So here I find myself about to head back there this afternoon for TEDxCERN. This will be my second TEDx event this year, having attended TEDxLausanne back in February. Understandably, given the location, today’s programme looks to be a bit more “sciencey”, which is great. And there are at least a couple of names I already know from the list of speakers, which is another good sign.

September 23, 2014

123D Catch available for Android

I was very happy to read the news on Shaan’s blog: 123D Catch is now available on Android. I blogged about its availability via the web and on iOS, a couple of years ago, but there’s now an Android version and it’s pretty slick.123D Catch on Google Play

Some quick background info: I do my best to stay OS agnostic, as a rule. My primary desktop OS is Windows (7 or 8.1, depending) but I also use OS X Mavericks and play with a few different Linux distributions when I get time. I have an old iPad 2 that has a cracked – but still functional – screen and use a Nexus 4 phone currently running Android 4.4.4 (as you can see, I tend not to follow the expected 2-year mobile refresh cycle, if I can avoid it… there are too many other fun gadgets to spend money on :-).

While living like this (embracing tech pluralism) causes some degree of pain – things don’t “just work” a lot of the time – it feels good to surf the waves caused by the ebb and flow of the tech industry. And, anyway, I hate the view from walled gardens – I want to see the horizon! ;-)

So yes, the main device I walk around with, these days, runs Android and has been waiting patiently for 123D Catch to show up on Google Play.

I started by creating a project and using the app to take snaps of a stone tea-light holder I received for my 30th birthday (I think it was, anyway).Photographing the stone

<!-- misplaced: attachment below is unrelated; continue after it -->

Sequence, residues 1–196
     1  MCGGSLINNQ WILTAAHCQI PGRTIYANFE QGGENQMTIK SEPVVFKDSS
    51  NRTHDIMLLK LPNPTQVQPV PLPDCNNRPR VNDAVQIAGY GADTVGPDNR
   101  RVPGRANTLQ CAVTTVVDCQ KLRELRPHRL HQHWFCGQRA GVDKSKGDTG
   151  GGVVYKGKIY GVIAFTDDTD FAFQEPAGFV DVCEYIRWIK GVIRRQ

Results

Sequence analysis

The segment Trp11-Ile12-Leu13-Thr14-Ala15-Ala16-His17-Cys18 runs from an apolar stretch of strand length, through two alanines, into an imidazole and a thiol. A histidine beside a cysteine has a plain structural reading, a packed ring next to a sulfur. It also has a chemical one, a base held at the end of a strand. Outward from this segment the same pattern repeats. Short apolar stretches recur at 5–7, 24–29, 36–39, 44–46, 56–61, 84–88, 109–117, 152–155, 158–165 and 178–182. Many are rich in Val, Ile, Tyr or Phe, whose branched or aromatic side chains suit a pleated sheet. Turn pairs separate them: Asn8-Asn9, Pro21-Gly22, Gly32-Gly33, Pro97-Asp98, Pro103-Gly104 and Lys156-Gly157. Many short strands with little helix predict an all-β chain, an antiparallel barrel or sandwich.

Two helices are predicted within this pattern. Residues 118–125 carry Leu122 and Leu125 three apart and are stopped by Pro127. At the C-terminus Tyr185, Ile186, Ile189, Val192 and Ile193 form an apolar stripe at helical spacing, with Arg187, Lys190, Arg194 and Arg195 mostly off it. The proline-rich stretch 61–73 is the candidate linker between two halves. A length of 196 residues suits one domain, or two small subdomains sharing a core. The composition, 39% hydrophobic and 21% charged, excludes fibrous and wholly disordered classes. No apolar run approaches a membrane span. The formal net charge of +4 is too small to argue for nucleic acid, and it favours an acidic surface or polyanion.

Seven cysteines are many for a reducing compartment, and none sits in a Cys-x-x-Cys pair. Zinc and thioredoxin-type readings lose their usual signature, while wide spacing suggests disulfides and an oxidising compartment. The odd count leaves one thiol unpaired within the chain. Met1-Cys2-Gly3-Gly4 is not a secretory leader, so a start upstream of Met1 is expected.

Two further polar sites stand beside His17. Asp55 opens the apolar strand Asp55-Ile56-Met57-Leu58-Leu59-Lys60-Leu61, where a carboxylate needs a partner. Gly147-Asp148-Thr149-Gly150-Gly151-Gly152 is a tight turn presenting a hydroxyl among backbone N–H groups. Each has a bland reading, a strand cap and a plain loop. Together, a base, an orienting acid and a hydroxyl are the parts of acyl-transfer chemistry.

Then I went ahead and uploaded the project for processing:

Transmitting and processing photos

Once completed, I followed the prompts to review the 3D model and then frame it for publication.

Reviewing, framing and publishing

The results were decent, although I did miss a bit of photo coverage on the back of the candle, leading to a couple of small holes. Nothing that couldn’t be fixed using meshmixer, Project Memento or the 123D cleanup tool, though.


If you have an Android device, take the new app for a spin and see what you think!

September 19, 2014

Exploding nested AutoCAD blocks using .NET

Some time ago I posted about how to use Entity.Explode() to do something similar to AutoCAD’s EXPLODE command. At the time it was mentioned in the comments that BlockReference.ExplodeToOwnerSpace() had some relative benefits, but it’s taken me some time to code up a simple sample to show how you might use it (Patrick’s recent comment reminded me I ought to, though).

Anyway, to end the week I thought I’d throw together a quick sample. BlockReference.ExplodeToOwnerSpace() doesn’t return a list of created objects, so I opted to capture this using a Database.ObjectAppended event handler and then recursively call our custom ExplodeBlock() function for any nested blocks that get created. We also then erase the originating entity (or entities, if called recursively), just as the EXPLODE command might.

Here’s the C# code:

using Autodesk.AutoCAD.ApplicationServices;

using Autodesk.AutoCAD.DatabaseServices;

using Autodesk.AutoCAD.EditorInput;

using Autodesk.AutoCAD.Runtime;

 

namespace Explosions

{

  public class Commands

  {

    [CommandMethod("EB")]

    public void ExplodeBock()

    {

      var doc = Application.DocumentManager.MdiActiveDocument;